Academic journal article Health Care Financing Review

Health Care Indicators

Academic journal article Health Care Financing Review

Health Care Indicators

Article excerpt


This article presents statistics on health care utilization, prices, expenses, employment, and work hours as well as on national economic activity. Some of these statistics are based on sample surveys conducted monthly or quarterly by Government agencies or private organizations, and are available 1 to 3 months after the completion of the period. They provide the first glimpse at changes occurring within the general economy and the health care sector.

The accompanying tables report selected quarterly statistics for 1989 through the third quarter of 1992 and the calendar year aggregation of quarterly information in the past 3 years. Additional tables show change from the same period 1 year earlier. For quarterly information, this calculation permits analysis of quarterly data to focus on the direction and magnitude of changes, without interference introduced by seasonal fluctuations.

In the national health accounts, indicators such as these play an important role in the estimation of the latest historical year of health care expenditures. Information that is more comprehensive tends to lag behind the close of a calendar year by 9 to 12 months or more. Therefore, we rely extensively on indicators such as these to anticipate and predict changes in health care sector expenditures for the most recent year. Other indicators help to identify specific reasons (e.g., increases in price inflation or declines in utilization) for expenditure change.

In the following sections, we will identify important indicators of health care and national economic activity and their sources. We then describe what these indicators tell us about general economic and health sector activity during the most recent quarter.


Since 1963, the American Hospital Association, in cooperation with member hospitals, has collected data on the operation of community hospitals through its National Hospital Panel Survey. Community hospitals, which comprised over 80 percent of all hospital facilities in the United States in 1990, include all non-Federal, short-term general, and other special hospitals open to the public. They exclude hospital units of institutions; psychiatric facilities; tuberculosis, other respiratory, and chronic disease hospitals; institutions for the mentally retarded; and alcohol and chemical dependency hospitals.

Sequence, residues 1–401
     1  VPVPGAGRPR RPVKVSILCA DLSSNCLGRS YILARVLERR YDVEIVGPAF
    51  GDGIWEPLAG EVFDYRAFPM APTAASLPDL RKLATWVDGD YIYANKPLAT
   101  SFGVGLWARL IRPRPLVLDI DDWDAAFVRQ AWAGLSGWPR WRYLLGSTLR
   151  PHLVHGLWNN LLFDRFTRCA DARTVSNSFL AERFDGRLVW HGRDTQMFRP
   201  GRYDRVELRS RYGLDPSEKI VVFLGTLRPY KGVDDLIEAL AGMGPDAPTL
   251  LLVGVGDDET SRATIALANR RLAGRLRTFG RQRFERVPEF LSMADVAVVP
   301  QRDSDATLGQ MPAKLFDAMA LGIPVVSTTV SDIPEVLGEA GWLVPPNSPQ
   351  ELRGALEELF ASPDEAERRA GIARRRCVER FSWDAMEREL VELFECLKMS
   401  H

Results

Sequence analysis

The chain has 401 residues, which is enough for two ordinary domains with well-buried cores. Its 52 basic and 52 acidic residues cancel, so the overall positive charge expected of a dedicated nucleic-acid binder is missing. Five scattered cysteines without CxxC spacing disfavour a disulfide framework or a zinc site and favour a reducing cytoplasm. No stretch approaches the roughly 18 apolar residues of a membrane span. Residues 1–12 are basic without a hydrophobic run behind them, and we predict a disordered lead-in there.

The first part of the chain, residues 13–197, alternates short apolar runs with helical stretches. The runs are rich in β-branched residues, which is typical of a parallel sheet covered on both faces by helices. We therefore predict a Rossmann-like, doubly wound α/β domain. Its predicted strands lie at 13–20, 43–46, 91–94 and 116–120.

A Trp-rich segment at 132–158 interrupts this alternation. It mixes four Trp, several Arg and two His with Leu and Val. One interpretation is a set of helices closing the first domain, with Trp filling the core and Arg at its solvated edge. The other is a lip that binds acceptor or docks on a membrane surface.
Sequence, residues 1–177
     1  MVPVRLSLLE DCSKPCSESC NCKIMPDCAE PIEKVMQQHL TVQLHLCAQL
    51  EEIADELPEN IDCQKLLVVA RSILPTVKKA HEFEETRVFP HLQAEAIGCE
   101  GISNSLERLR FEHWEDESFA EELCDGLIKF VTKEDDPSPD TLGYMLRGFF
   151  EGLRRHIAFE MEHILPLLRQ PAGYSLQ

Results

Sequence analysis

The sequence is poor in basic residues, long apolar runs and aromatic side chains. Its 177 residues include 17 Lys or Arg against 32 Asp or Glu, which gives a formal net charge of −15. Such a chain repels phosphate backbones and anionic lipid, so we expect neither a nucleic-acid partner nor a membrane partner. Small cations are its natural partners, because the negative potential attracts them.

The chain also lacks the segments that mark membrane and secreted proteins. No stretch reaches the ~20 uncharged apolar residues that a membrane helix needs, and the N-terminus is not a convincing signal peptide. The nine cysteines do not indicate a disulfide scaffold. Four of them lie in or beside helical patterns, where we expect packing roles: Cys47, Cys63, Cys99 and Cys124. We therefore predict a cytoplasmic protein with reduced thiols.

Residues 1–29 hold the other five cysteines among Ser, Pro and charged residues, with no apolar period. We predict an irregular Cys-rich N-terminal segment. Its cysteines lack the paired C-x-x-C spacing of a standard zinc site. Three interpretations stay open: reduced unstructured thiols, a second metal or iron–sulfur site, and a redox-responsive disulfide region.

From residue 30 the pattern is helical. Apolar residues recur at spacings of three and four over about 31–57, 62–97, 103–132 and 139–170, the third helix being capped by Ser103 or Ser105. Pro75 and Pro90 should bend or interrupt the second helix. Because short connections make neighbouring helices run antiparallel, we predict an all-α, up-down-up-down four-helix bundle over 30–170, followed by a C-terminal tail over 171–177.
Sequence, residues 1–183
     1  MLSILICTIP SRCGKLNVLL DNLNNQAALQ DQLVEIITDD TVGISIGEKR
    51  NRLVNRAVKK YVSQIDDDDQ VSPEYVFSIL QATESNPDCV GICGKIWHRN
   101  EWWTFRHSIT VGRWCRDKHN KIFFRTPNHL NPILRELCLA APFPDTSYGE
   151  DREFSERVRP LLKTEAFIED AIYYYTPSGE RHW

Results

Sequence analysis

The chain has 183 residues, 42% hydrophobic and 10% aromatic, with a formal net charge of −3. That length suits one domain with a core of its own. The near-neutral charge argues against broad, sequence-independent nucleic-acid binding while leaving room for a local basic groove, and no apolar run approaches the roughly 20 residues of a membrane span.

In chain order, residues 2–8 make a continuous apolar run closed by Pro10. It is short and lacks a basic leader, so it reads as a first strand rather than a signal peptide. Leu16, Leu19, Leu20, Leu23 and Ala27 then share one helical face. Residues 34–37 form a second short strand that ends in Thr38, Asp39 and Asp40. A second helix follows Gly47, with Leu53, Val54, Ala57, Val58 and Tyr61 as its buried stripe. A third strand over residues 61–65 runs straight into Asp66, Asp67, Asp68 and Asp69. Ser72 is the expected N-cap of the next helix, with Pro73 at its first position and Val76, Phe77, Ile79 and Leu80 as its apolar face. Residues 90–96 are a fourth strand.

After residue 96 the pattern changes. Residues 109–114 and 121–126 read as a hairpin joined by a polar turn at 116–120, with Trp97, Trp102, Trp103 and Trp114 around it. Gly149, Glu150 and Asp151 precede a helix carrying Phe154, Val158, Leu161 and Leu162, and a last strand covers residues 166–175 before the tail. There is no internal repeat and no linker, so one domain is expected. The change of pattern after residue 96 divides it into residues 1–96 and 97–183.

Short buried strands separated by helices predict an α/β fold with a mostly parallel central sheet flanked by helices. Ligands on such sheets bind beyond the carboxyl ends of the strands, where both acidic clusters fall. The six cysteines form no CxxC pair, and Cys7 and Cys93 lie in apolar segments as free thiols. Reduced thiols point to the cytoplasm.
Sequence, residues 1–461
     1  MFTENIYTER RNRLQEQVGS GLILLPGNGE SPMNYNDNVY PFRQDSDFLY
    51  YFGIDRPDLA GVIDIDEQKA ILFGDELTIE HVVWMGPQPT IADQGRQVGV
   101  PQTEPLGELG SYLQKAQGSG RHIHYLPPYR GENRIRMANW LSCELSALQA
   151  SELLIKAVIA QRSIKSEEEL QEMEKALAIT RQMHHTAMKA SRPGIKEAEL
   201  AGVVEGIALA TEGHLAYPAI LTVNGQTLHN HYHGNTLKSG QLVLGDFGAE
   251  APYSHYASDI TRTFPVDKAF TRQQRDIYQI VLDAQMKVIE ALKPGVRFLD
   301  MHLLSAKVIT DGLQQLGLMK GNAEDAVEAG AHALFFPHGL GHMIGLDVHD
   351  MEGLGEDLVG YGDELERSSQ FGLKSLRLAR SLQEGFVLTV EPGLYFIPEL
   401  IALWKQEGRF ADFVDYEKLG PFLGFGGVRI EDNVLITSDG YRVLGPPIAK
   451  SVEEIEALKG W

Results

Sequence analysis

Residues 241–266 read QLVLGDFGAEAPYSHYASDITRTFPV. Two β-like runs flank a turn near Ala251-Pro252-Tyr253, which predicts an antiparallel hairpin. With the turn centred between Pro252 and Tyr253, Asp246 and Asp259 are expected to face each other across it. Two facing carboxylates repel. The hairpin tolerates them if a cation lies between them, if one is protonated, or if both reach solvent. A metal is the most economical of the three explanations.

The survey samples approximately one-third of all U.S. community hospitals. The sample is designed to produce estimates of community hospital indicators by bedsize and region (American Hospital Association, 1963-90). In Tables 1 and 2, statistics covering expenses, utilization, beds, and personnel depict trends in the operation of community hospitals annually from 1989 through 1991 and for selected quarters from 1989 through 1992.


For purposes of national health expenditures (NHE), survey statistics on revenues (not shown on Table 1) are analyzed in estimating the growth in the largest component of health care costs--community hospital expenditures. This one segment of NHE accounted for 33 percent of all health spending in 1991 (Letsch et al., 1992). The survey also identifies important factors influencing expenditure growth patterns, such as changes in the number of beds in operation, number of admissions, length of stay, use of outpatient facilities, and number of surgeries.


The U.S. Bureau of Labor Statistics (BLS) collects monthly information on employment for all workers, and earnings and work hours for non-supervisory workers in a sample of 350,000 establishments. Data are collected through cooperative agreements with State agencies that also use this information to create State and local area statistics. The survey is designed to collect industry-specific information on wage and salary jobs in non-agricultural industries. …

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